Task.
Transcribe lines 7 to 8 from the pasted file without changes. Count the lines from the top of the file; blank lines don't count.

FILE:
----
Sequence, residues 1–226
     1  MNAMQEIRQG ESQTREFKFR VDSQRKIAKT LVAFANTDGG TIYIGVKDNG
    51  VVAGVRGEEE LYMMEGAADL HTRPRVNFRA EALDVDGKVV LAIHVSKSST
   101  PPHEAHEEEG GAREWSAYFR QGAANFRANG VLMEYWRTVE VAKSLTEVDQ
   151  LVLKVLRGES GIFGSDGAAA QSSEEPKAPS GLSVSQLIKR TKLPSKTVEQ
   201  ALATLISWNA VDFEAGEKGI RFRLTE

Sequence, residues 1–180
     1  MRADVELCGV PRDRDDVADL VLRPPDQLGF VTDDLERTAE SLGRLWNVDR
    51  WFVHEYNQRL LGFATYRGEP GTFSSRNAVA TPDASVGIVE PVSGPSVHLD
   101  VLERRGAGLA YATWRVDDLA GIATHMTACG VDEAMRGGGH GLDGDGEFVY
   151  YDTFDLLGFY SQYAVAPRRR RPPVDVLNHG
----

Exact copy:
Sequence, residues 1–180
     1  MRADVELCGV PRDRDDVADL VLRPPDQLGF VTDDLERTAE SLGRLWNVDR